A few years later, my mom suffered her second major heart attack. By the grace of the universe she survived, but only after a near month in the hospital and a terrifying road to recovery. For weeks I watched doctors poke and prod at her seemingly lifeless body, and signed off on procedures that threatened her mobility, but would ultimately save her life. During this time my perspective on healthcare softened, and I found myself feeling a tinge of gratitude for the life-saving capabilities of western medicine.

Instead of blaming big pharma for all of the world’s illness, I decided to take a deeper look at preventative health, and explore how both of my parents ended up in hospital beds to begin with— furthermore, how not to end up there myself. 

These experiences invited me to consider how I take care of my body; the way I move, the ingredients I feed it, how often I hydrate. I began eating organic and natural foods, cutting animal products out of my diet, refusing to even touch pharmaceutical or over the counter medications. I consumed cannabis regularly at this time, but it wasn’t until I dove into Oklahoma’s cannabis industry in 2020 that I began to connect the dots and understand the role it played in my biochemistry as well. 

Fast forward to my surface-level research on terpenes: following my new discovery, I took about a 2 month hiatus from strains with high concentrations of Terpinolene. During this time I was settling into my new job at the dispensary. I had finally found a place that felt like home, was beginning to rebuild my finances and taking time to heal and nurture my body. Anxiety was a foreign concept to me, and for that I found myself grateful. I thanked the cannabis gods for allowing me to finally find a way to consume my favorite medicine without any negative side effects whatsoever. I even decided to write a story about Terpinolene and its devilish effect on my mental health. *oh, ehrm… hi*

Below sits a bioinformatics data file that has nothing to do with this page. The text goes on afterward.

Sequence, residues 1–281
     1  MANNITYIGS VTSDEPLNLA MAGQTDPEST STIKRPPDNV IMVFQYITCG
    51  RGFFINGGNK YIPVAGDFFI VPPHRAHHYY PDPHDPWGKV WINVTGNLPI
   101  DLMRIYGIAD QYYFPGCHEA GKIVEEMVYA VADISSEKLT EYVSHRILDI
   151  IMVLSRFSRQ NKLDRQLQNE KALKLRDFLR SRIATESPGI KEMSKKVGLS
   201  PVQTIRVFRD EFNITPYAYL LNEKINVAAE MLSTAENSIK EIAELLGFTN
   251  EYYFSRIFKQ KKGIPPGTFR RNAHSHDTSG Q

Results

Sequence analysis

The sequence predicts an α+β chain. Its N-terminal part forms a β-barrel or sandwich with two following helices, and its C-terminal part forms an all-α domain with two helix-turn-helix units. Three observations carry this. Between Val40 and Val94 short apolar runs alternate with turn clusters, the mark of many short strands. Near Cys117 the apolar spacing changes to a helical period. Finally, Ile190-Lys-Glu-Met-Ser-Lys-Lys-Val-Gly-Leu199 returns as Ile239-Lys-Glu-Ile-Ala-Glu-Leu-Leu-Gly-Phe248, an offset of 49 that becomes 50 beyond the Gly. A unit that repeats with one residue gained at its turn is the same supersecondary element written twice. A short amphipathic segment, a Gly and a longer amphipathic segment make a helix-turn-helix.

In order to write this story, however, I needed to do a little more research. After all, what kind of journalist would I be if I didn’t make a habit of reporting first-hand experiences? So, on Monday of the most stressful week of the entire year (if you guessed Christmas we’re the same brand of Grinch), I brought home

 2 of the dispensary’s most active strains, boasting up to 2% concentrations of terpinolene: Heartland Farms’ XJ-13, and Native Veteran’s Windwalker. 

Anna Ervin, Portrait by NagyMedia

Other patients had warned me about the latter, “if you have anxiety, Windwalker is not for you,” but to my surprise, I found both strains to offer pleasant, uplifting, sometimes even dreamy experiences. Confused by this response, and a little disappointed that my story had seemingly slipped away from me, I at the very least found a little joy in discovering two new favorite strains to add to my roster. I began to accept the fact that there simply isn’t enough research on cannabis to help me confidently identify the perfect cocktail of terpenes to cannabinoids to ease the anxious mind… then it happened.